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Sunday, March 30, 2014

It's All About The Wine

Though my rants and stories tend to center around the vineyard and my cows, making of the wine is the ultimate goal in any season. When harvest occurs back in September, it seems that all the work is done and winter time projects begin to take hold. However, during this time the grape juice is patiently going through its task of slowly fermenting, letting its solids drift to the bottom of the tank, and bringing on the character that will define its taste and aroma profile.

It has been about 6 months since we picked the grapes. Our Seyval Blanc came in with our first real harvest of just over a ton of grapes. We lost quite a few from a late season heat & humidity spell, tainting some of these grapes, and our reds were clobbered by the latent mold spores waiting for the opportune time to attack.  But this is real farming, just as soybeans, corn, cotton, and peanuts are that are grown in the rest of the state.

Picking and crushing, along with destemming and initiating fermentation all occur on the same day. From there comes a series of steps that include pressing, more fermentation requirements, and a possible racking or two.  And then it is time to wait for the process to take hold, expelling CO2 as the yeast does its thing by converting the sugars into alcohol. A month or so later we might rack again, which takes a few hours. This might be repeated several times before we finally decide to bottle. After 4 or 5 months we begin our taste tests, checking for mouth feel, acidity, alcohol level, and clarity. There are things we can do to pull some of these traits towards making the best wine possible. If there are particles still suspended in the wine after these rackings, we may add some Bentonite which helps clarify the wine........we will also send it through a filter just before bottling to provide one last opportunity at making the wine visibly clear and showing the color of the wine as it should be.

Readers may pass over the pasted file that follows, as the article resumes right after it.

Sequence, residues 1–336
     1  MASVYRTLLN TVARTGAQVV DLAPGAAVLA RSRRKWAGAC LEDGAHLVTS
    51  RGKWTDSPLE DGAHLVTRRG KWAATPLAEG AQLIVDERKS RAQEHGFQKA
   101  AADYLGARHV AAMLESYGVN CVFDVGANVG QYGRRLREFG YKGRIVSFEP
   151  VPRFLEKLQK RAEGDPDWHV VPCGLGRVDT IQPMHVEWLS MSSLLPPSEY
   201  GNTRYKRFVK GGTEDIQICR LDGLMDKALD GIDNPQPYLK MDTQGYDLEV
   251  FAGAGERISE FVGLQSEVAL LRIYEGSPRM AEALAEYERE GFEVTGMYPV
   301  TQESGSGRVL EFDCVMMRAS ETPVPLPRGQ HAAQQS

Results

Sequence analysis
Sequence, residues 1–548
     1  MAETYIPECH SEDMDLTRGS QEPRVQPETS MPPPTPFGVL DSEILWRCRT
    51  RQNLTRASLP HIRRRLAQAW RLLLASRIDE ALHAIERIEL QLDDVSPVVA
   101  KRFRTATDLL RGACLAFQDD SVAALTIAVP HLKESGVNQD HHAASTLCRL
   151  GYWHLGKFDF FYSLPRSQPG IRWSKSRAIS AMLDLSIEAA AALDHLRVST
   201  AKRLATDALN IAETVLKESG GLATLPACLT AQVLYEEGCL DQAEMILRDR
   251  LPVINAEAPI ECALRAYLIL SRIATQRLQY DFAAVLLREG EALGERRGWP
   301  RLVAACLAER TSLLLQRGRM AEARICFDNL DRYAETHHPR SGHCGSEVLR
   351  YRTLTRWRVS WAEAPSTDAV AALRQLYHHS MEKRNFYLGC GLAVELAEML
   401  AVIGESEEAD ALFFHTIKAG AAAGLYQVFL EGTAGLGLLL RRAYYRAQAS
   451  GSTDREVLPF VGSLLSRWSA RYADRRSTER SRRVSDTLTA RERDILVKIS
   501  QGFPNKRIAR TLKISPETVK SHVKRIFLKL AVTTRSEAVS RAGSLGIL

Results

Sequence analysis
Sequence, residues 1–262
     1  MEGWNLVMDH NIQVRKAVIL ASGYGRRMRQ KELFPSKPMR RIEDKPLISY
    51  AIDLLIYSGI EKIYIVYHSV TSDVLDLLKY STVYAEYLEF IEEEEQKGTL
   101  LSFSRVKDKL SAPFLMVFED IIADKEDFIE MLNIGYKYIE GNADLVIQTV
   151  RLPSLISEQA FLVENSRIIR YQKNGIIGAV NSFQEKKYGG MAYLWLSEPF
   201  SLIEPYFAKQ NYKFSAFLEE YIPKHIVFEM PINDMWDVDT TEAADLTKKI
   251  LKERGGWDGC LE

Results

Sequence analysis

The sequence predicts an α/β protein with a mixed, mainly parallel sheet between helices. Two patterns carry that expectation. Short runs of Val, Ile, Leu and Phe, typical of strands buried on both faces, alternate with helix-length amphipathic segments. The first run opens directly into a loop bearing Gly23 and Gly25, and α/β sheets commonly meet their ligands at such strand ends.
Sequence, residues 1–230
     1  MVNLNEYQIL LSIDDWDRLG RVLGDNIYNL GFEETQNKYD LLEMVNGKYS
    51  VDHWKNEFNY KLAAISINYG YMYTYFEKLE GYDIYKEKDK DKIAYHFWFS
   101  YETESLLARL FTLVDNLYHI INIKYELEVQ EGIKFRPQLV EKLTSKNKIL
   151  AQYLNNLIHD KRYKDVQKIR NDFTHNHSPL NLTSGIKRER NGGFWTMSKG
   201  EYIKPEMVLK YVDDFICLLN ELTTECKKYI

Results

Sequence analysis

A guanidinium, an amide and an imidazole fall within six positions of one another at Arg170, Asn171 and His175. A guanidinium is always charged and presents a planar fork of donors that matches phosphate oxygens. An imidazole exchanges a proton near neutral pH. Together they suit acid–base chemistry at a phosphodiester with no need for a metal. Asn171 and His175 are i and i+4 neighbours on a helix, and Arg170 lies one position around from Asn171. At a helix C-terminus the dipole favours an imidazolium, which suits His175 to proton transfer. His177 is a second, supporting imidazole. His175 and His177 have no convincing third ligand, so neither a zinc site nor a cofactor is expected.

Rich and I were assigned bottling duty this year. It needs to be done while it is still relatively cool out, and before the vineyard pulls us in that direction for the next growing season. We found a day this past week, the fourth week in March, where it was just too cold and rainy to get anything really accomplished in the vineyard. So the winery found "willing volunteers" to get the bottling ready and in motion to bottle last fall's harvest. Bottling isn't hard but there are a few steps that need to be handled well, and with some kind of poetic balance between Rich and me so we don't trip over each other. We start by cleaning everything which takes a few hours. Tanks, pumps, hoses, fittings, machinery, and ultimately the bottles all need to be flushed with a sanitizing solution. Only then can we move forward and begin sending wine through the hoses to get to the filling machine. We have gone through these motions before, and each time we get a little more efficient. And each time we make notes on how to do it even better next time.

I have been chosen the "filling guy", using a 4-station filler to top off the bottles with the right amount of wine. From me the bottles are transferred to a side table adjacent to the capper where Rich puts a cap on top of the bottle, inserts it into the machine, which then spins a chuck down on the bottle simultaneously making threads in the cap as it seals and caps the bottle. We just bought a new capper chuck from Italy this year, and this was our first time at using it. It performed perfectly......we have found that the best winery equipment comes from Italy.

It took all day to bottle 762 bottles of our inaugural edition of our Seyval Blanc. It is not like a Pinot Grigio or a Chardonnay. It is not even like a Vidal Blanc, another white French hybrid. It has its own flavor. Some citrus, some grassiness, a hint of vanilla. Can't sell it yet, at least not until we get our state ABC license. For now it will have to mellow out in the bottle; Diane seems to think this will take about a month.

I remember staying on my Uncle's farm in the Catskills during the summers. He had a hundred or so Holsteins that he milked every day. When his family needed milk, he would bring out a pitcher and milk right into it, carrying the fresh white stuff into the house and putting it into the refrigerator for later consumption. We have started a tradition here, not unlike his. At the end of our bottling we had some wine that was the last to come through the hoses, or just a portion of a bottle that we wouldn't be capping. Rich filled a pitcher for our dinner that night, and it was very good even without the mellowing Diane is allowing.

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